By all accounts, UBS is magnificent and — with a low roof and steep seating — loud. A deserving hockey cathedral for the patient faithful.

But one thing hasn’t changed: Islanders fans still booed Tavares every time he touched the puck.

The Leafs’ PK is A-OK

The positive turnaround of Toronto’s power play has overshadowed the superb work new assistant coach Dean Chenoweth has done with its 4-on-5 strategy.

After years of steady decline in the area, the Leafs’ PK has become one of the most aggressive and effective in the league.

What Toronto’s third-ranked kill (88.7 per cent) had not accomplished until Sunday was score shorthanded.

Mitch Marner did just that, opening the scoring in the first period in a 4-on-3 situation.

Marner was sprung for his second career shortie with a beautiful three-zone, cross-ice pass from Jake Muzzin, and he let his magic feet do the rest:

“When your penalty kill is feeling it, they are confident, and they tend to hold onto the puck a little bit longer, and sometimes they can catch teams like that,” Keefe said.

“It was a huge goal for us, and more importantly it was a huge kill at an important time of the game.”

Bunting is incredible on the draws (not that kind)

Michael Bunting drew two more minor penalties Sunday, increasing his total to 13 on the year.

That ties the winger with Tampa Bay’s Anthony Cirelli for the most in the whole league.

“It's absolutely a skill. It's a competitive thing,” Keefe says. “First of all, you got to get yourself into spots that are contentious, then you've got to keep your feet moving, and you've got to escape out of traffic with pucks. It’s a skill, and one that's not easily transferable to others.

“It's something that obviously is important, something that he brings to our team.”

Marner and Alexander Kerfoot share a distant second among Leafs in penalties drawn (six apiece).

Left-wing shuffle continues

As much as Keefe wanted to give Nick Ritchie another decent run on the top line, the lack of even-strength production from Marner and Matthews has necessitated a second demotion.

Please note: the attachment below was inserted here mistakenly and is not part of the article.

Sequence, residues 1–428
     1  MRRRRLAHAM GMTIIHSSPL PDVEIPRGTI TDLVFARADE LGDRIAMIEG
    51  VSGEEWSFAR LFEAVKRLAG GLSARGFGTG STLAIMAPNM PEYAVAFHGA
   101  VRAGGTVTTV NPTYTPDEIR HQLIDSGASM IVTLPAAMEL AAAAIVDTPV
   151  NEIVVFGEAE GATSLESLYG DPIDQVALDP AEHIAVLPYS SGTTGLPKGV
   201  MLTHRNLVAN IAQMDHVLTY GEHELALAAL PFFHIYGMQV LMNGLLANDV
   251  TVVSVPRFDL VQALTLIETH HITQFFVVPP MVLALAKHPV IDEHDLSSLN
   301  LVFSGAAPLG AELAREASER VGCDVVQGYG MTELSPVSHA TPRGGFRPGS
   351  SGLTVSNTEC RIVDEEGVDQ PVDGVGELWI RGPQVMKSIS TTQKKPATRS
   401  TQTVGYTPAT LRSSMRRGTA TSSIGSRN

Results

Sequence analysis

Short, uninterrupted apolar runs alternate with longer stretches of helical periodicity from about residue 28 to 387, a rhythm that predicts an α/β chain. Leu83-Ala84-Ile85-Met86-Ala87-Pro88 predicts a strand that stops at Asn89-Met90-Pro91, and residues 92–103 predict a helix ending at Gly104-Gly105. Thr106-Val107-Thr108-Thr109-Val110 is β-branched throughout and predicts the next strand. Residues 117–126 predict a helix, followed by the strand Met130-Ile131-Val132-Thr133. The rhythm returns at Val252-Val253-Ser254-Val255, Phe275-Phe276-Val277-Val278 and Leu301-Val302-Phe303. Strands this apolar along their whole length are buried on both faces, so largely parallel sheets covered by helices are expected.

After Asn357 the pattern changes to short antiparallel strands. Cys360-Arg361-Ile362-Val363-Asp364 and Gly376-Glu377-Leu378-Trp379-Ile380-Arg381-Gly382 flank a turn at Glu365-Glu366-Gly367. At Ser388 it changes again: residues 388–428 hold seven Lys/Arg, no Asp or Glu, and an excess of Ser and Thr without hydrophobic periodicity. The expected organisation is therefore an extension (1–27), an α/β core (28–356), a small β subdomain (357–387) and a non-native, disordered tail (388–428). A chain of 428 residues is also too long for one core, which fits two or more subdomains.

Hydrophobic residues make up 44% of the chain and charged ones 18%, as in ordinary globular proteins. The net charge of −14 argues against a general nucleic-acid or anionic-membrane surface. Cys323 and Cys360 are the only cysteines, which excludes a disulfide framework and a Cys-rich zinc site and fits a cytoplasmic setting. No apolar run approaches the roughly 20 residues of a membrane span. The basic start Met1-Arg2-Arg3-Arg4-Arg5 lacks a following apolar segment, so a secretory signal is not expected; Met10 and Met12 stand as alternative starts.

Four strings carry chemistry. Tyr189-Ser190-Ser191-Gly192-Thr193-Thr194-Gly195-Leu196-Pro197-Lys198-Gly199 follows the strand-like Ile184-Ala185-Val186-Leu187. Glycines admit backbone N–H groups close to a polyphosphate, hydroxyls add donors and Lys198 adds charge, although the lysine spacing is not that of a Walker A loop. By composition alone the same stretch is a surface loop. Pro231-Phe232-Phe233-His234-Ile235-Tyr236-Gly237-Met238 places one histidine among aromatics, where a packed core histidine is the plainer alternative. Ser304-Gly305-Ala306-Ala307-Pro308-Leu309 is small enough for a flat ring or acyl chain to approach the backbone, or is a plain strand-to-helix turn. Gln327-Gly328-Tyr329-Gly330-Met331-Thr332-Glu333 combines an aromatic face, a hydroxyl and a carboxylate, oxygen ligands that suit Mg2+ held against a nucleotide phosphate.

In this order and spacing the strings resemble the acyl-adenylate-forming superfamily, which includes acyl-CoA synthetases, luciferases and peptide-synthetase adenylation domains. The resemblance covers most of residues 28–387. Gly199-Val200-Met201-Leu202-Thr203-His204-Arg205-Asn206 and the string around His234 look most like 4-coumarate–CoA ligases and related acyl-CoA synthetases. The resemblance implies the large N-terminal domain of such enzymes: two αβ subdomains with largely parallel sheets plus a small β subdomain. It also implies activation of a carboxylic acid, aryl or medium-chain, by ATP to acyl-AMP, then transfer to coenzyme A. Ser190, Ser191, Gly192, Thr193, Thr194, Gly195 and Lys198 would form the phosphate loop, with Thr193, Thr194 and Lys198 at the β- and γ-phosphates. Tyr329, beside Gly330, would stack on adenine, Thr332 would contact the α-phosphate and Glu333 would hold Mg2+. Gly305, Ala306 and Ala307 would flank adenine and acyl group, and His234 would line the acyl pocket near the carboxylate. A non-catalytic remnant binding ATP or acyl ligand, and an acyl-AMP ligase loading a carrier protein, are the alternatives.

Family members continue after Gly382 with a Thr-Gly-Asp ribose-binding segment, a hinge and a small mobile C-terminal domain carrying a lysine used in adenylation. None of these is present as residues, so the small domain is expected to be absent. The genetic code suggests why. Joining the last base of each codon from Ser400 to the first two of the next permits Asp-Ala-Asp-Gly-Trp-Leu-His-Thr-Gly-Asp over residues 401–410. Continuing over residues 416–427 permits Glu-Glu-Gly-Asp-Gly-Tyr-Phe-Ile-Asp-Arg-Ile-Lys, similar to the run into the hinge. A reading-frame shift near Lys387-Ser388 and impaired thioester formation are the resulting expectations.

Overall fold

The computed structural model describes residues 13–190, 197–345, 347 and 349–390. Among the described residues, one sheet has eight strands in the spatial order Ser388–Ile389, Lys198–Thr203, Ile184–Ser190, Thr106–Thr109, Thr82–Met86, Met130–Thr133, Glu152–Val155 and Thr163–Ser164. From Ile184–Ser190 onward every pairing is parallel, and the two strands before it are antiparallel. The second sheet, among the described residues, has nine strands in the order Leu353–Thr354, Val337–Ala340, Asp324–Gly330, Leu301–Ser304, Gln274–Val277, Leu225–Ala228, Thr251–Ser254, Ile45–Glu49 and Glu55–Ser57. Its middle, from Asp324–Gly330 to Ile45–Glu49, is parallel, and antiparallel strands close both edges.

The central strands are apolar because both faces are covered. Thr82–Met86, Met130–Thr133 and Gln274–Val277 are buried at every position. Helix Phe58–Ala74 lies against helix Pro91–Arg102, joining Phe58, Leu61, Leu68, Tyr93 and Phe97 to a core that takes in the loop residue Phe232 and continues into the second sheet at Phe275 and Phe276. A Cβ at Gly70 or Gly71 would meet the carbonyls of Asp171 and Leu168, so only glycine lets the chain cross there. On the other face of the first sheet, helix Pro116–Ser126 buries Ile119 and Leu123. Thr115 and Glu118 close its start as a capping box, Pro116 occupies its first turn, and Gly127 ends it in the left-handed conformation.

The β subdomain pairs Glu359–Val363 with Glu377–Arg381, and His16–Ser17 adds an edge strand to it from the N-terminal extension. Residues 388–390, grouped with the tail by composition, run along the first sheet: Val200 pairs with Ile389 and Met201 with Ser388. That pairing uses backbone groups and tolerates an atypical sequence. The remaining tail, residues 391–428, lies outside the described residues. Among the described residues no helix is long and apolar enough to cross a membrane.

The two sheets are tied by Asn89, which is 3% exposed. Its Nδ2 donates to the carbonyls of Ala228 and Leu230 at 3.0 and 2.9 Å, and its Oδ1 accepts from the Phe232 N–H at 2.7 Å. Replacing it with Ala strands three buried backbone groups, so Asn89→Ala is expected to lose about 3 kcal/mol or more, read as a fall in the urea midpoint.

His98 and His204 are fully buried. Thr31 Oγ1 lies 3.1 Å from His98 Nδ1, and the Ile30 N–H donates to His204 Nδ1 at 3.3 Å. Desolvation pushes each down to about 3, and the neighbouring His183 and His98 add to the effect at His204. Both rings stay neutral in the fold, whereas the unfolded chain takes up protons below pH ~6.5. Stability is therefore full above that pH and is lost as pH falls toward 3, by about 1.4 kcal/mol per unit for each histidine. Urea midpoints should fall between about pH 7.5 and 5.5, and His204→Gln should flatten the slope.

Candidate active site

So, while the coach appears to have (more or less) settled on four centreman–right wing pairings — Matthews-Marner, Tavares-Nylander, Kämpf-Kase, Spezza-Simmonds — the left-wing carousel continued Sunday.

Ritchie was tried on the third line, Bunting leapt to the top unit, and Pierre Engvall slipped to Line 4.

Ritchie played a key role in Toronto’s second goal, by driving hard on the forecheck, getting a puck to David Kämpf, who fed Ondrej Kase for his fifth.

And Bunting had a heckuva game, working a give-and-go with Marner for the Leafs’ third goal.

“Ritch and Kase have got history playing together in Anaheim, and it’s been productive,” Keefe said. “So it’s something we’ve been thinking of doing for quite some time and thought today was the right night.”

Shawn McKenzie ate a blue and orange chicken sandwich

His astute culinary review? “Not bad.”


The Maple Leafs’ roadie heads three time zones to the left, as they are bound for California for dates against Los Angeles (Wednesday), San Jose (Friday) and Anaheim (Sunday) this week.

“A lot of great memories there. A lot of great friends,” says former King Jack Campbell, slated to start against the team that traded him away.

“It’s a business trip, so want to get out there and get some wins.”